"But taking time to examine everything like this is interesting. The variety of life is amazing."
Kathy, 58, said she was happy to finally learn how to identify a high-brush cranberry.
Glenn and Cheryl Flothe, both 51, have both been in Alaska for pretty much their whole lives. Glenn is a retired Alaska State Trooper, and the two moved to Cooper Landing permanently two years ago.
Despite a lifetime spent in Alaska, the two are just starting to get into the intricacies a forest has to offer.
"After this, I have a deeper appreciation for how everything interacts," Glenn said. "Understanding that, I also now understand how important it is to protect the river system.
"It makes you feel sorry when you step on plants."
Of particular interest to the Flothes is work Collet is doing on willows. Crossing a small stream that flows into Cooper Lake, Collet explained how some types of willows use flowing water to spread.
Stems will break off and float down the river, and the willow can begin anew on a bank downstream from just that stem. Collet is working on a project to identify the various conditions that allow the certain types of willows to do this. This knowledge is being used in bank restoration projects.
"I've seen limbs sticking out of the ground at Jim's Landing and I never knew why," Glenn said. "This shows the money spent on that study is money well-spent."
The Flothes also thought it would be neat to have middle-school students spend time outdoors learning from somebody like Collet.
This point was driven home by Hutchison, who brought her kids 12-year-old Michaela, 10-year-old Monica, 7-year-old Hannah and 1-year-old Gideon on the hike. By the end, the group had put together a stirring bouquet of wildflowers.
"It was good because (Collet) kept repeating stuff, so that made it easier to learn," Hutchison said. "But what you'd really need is 10 hikes like this instead of a couple."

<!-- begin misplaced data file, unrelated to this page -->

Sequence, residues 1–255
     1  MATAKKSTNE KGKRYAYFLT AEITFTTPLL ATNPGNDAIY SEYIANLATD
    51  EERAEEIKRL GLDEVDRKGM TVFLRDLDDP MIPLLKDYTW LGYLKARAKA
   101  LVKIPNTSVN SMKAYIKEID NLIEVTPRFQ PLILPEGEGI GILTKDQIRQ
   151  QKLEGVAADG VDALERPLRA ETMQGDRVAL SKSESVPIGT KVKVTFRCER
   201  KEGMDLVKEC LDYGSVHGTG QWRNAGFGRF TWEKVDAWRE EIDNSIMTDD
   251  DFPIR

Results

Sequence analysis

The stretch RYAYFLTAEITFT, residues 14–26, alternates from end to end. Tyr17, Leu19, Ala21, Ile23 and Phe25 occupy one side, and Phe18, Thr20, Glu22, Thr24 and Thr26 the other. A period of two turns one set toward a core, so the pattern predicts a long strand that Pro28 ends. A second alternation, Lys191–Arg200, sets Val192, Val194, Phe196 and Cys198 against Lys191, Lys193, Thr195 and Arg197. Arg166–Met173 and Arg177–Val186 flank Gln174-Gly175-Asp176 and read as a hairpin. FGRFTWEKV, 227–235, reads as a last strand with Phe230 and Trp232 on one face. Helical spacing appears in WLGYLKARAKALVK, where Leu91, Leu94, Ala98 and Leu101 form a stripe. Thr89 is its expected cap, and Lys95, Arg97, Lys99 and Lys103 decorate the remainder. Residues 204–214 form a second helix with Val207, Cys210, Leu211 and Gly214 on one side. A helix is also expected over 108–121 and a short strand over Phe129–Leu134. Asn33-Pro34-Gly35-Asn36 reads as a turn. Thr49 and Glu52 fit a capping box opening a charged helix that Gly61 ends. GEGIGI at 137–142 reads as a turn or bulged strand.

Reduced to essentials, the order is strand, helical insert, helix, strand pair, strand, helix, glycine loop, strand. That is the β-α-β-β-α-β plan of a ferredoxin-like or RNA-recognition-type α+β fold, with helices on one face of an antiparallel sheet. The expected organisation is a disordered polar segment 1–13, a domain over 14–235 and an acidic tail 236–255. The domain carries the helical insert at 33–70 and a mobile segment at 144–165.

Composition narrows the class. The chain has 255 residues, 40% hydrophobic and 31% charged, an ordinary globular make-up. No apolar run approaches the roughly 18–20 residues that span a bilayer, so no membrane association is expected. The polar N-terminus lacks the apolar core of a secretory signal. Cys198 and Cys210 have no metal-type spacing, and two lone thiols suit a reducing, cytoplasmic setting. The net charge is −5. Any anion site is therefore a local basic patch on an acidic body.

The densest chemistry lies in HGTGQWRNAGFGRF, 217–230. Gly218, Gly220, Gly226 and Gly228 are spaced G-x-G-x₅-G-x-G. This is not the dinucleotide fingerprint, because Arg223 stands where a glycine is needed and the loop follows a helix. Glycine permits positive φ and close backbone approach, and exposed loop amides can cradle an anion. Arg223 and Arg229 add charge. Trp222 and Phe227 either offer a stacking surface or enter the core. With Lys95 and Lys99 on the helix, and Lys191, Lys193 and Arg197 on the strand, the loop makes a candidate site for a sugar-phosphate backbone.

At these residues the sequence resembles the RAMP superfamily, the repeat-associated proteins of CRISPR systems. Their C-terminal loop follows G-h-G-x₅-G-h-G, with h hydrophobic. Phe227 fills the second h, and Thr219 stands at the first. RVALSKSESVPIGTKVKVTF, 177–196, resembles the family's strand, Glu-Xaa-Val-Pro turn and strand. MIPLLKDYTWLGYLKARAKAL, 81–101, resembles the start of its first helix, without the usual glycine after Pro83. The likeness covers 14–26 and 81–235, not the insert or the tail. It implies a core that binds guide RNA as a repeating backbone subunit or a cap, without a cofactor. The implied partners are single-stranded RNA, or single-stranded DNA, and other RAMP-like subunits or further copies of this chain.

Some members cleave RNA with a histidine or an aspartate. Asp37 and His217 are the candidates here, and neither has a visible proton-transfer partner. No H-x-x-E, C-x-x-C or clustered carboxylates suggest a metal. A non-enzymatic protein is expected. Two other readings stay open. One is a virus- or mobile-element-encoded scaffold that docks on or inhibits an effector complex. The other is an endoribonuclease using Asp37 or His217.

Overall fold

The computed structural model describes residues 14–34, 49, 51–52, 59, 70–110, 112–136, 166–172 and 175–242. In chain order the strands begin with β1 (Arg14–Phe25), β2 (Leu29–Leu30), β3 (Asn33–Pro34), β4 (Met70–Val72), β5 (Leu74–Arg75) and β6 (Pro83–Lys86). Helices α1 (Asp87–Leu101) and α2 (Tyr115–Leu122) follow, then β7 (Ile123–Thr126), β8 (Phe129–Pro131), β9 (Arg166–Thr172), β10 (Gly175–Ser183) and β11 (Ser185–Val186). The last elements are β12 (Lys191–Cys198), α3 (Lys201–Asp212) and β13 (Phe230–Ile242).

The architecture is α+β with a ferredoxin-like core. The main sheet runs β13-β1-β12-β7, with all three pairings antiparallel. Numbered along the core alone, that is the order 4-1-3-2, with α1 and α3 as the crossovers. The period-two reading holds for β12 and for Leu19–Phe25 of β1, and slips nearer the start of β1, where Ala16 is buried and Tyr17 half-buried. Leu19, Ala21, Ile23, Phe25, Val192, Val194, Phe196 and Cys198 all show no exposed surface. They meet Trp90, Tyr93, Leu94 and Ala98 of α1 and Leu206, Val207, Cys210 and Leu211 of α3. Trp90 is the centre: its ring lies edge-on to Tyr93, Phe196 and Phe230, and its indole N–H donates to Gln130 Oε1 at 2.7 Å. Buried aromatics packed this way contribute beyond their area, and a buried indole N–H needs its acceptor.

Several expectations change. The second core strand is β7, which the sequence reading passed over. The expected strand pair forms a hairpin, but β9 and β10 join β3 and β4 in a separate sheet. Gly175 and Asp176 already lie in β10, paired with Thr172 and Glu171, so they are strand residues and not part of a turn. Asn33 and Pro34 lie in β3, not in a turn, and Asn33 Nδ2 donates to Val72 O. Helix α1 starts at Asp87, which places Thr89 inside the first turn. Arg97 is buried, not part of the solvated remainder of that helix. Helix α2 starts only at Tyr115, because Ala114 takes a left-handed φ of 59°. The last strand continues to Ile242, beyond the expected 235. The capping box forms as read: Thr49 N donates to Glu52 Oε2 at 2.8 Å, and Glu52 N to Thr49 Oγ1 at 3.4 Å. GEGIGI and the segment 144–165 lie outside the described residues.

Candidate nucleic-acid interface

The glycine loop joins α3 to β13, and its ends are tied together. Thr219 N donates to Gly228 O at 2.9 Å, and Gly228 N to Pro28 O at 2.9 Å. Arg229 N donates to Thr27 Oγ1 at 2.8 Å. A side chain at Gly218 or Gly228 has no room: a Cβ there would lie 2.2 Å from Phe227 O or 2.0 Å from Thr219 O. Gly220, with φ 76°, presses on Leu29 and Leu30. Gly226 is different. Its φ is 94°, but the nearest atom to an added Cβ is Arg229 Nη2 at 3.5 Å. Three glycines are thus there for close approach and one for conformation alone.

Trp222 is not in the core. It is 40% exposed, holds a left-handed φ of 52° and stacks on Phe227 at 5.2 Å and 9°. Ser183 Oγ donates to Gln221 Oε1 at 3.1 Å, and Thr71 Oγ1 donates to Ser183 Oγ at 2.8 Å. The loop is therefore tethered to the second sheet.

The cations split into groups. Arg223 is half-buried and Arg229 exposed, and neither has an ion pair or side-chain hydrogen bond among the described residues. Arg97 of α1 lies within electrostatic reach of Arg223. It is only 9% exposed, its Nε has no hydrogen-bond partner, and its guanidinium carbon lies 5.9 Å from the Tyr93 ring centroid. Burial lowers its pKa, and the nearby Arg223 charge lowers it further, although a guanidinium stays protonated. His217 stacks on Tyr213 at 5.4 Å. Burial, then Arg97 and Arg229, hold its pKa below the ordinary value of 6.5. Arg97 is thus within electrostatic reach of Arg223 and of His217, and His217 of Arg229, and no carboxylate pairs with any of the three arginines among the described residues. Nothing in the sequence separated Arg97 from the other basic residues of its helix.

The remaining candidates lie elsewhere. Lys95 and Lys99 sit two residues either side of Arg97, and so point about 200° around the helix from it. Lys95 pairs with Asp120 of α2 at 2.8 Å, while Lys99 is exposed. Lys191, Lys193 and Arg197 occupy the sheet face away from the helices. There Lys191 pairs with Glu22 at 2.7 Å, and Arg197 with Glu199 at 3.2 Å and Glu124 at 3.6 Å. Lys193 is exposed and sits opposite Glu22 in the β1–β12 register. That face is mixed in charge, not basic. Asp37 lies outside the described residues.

Wendy Bryden, 35, is a park ranger at Kenai Fjords National Park who has lived in Moose Pass for eight years.
Bryden is no stranger to hiking fast. Just a few days before Saturday's stroll, she had burned up and down Seward's 3,022-foot Mount Marathon in 1 hour, 29 minutes and 56 seconds.
But Bryden also is no stranger to stopping to soak up the wonders of a forest. She enjoyed Collet's knowledge of the galls found on willows. A gall is an abnormal growth of tissue induced by an outside agent.
"This hike also was an excuse to drive out here," Bryden said. "This is a special place and I love coming up here, but I don't get up here often."
Finally, Emily Sims, 42, recently moved to the central peninsula from eastern Oregon. She will be teaching culinary arts this fall at Skyview High School, and food was one of the things that brought her out Saturday.
"I came out to meet people and to learn about picking berries for jams and jellies," Sims said.
Like everybody else interviewed on the hike, Sims said she would try and do a hike Collet will lead Aug. 10 about mushrooms.
And that's appropriate. As Collet repeatedly said Saturday, one thing in the forest always leads to another.
Of course, that's only if you stop and look around once in a while.